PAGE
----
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Sep 03 2012
Sep 03

There comes a time in every Drupal site builder's life when a content type must redirect to another page. Perhaps your site contains a collection of links, and you'd like visitors to see the destination site itself rather than the node that describes it. Perhaps your site features small chunks of promotional content that point to other nodes, and shouldn't be treated as primary content themselves. Wouldn't it be handy to redirect to the destination content automatically when the promotional node is visited? It certainly would -- and that's precisely what the Field Redirection module delivers.

The heart of the module is a well-implemented field formatter. If you have a content type that uses a Link field, a Node or User reference field, or an Entity Reference field, you can assign it the Field Redirection formatter. When the node (or any other entity with fields using this module) is viewed, Field Redirection doesn't render the field as HTML -- instead, it redirects the user's browser to the referenced user profile page, node page, link URL, and so on.

Screenshot of Field Redirection configuration screen

Because Field Redirection sidesteps the normal FieldAPI behavior of 'Building HTML for Display,' there are important caveats. The formatter should only be used on the Full Content build mode for an entity. If it's used for teasers, RSS feeds, Search indexing, Views listings, or other modes where it could be unintentionally triggered, your site will be redirecting itself to new URLs instead of executing important code. That warning aside, the module is an elegant and easily customizable solution to a common problem. If you're building lightweight "linking" content types that point at other elements or other URLs, Field Redirection can make life quite a bit easier.

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Apr 02 2012
Apr 02

Drupal's much-loved Date and Calendar modules are great for storing and displaying calendar-style dates, and can store "time of day" information for extra precision. If you're trying to store a different kind of time, though -- say, the length of a song or the number of minutes in a video -- the Date module is an awkward fit. That's where the HMS Field module comes in.

Screenshot of HMS Field in action

Instead of storing an absolute date and time, HMS Field (short for 'Hours, minutes, and seconds') stores a simple integer representing a number of seconds. The field widget it ships with lets you enter a number like "5:45," while the field formatter allows you to display it in a similar style. There's not much to explain beyond that point -- HMS Field, as the Brits say, does what it says on the tin. It's easy to sort and filter Views based on the field's values, and writing custom display formatters for the field is relatively simple.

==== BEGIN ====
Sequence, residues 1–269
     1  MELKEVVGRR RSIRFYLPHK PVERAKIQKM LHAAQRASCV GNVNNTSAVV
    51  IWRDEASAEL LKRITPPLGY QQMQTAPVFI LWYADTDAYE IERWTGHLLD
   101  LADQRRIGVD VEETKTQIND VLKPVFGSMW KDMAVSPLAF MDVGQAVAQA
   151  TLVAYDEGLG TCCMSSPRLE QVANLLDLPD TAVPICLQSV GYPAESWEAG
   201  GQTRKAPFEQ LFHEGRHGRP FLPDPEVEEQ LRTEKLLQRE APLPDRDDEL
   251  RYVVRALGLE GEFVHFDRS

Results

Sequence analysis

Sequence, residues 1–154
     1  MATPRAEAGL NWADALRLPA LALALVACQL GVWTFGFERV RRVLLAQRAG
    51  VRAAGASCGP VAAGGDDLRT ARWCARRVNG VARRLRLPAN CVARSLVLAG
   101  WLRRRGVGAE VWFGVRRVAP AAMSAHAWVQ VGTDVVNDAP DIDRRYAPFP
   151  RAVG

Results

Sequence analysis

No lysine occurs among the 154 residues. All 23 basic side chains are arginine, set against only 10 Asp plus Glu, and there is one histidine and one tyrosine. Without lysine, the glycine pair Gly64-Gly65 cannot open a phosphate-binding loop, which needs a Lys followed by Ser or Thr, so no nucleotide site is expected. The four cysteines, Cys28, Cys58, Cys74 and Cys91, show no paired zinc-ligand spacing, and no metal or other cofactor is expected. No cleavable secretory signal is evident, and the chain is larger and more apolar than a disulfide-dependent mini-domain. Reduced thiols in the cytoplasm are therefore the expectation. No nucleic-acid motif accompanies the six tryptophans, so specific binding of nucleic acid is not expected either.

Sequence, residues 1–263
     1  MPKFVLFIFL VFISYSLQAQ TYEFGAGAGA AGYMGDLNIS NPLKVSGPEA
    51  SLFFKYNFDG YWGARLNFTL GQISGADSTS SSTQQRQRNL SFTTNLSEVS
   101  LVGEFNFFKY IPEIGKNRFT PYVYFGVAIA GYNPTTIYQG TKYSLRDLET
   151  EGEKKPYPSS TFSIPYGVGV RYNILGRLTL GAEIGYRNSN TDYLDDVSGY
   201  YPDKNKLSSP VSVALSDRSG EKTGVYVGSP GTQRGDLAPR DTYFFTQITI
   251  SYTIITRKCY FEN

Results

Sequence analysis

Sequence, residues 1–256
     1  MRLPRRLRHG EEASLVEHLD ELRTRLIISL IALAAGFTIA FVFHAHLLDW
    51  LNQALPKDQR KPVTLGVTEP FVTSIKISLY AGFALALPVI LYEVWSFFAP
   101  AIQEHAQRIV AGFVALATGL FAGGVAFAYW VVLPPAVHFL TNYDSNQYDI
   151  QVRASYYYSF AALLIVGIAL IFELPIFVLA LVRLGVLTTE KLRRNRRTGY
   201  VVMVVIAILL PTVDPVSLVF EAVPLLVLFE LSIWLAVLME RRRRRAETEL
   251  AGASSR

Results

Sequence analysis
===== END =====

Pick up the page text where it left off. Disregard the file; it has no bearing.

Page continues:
Screenshot of the HMS field configuration

The only downside to the module is the relatively limited display formatter it ships with. It's great for displaying the hours, minutes, and seconds that are stored, but it doesn't support natural language output like "10 minutes" or "4 hours." Even without those options, however, HMS Field is a great addition to any site builder's content-modeling toolbox.

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Jan 09 2012
Jan 09

CCK in Drupal 6 and FieldAPI in Drupal 7 give site builders a variety of structural and formatting options for carving out new content types. Multi-value fields in particular allow a node or other content element to store lists, collections of links to taxonomy terms, and more. The downside, of course, is the formatting: by default, Drupal's HTML output for multivalue text fields is a big old bag of DIVs. Taxonomy fare a bit better: they're output as proper HTML lists, a semantically proper approach. Both still require considerable CSS wrangling if you're interested in displaying multiple values simply, however. And that is where the Text Formatter module comes in.

Screenshot of administration screen

Text Formatter is a simple CCK/FieldAPI formatter for Drupal 6 and 7 that outputs multi-value text and taxonomy fields as comma delimited lists, or customizable HTML lists. It can do a few other fancy formatting tricks, as well: the last item in a comma-delimited list can be preceded by a grammatically correct 'and', and comma-delimited lists can be closed with a period. Ordered and unordered lists can also be chosen, and a custom CSS class can be specified for a particular list if you're interested in targeting special CSS rules or JavaScript behaviors. The module even allows you to format single-value long text fields as lists if they contain multiple lines of text.

Screenshot of Text Formatter in action

Text Formatters was originally part of the much older "CCK Formatters" module. Its list formatting options were by far the most popular, and were split out into a separate module for ongoing maintenance. The module is stable, trouble-free, and does just what it promises. If you need to whip a few multi-value fields into shape, check it out!

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About Drupal Sun

Drupal Sun is an Evolving Web project. It allows you to:

  • Do full-text search on all the articles in Drupal Planet (thanks to Apache Solr)
  • Facet based on tags, author, or feed
  • Flip through articles quickly (with j/k or arrow keys) to find what you're interested in
  • View the entire article text inline, or in the context of the site where it was created

See the blog post at Evolving Web

Evolving Web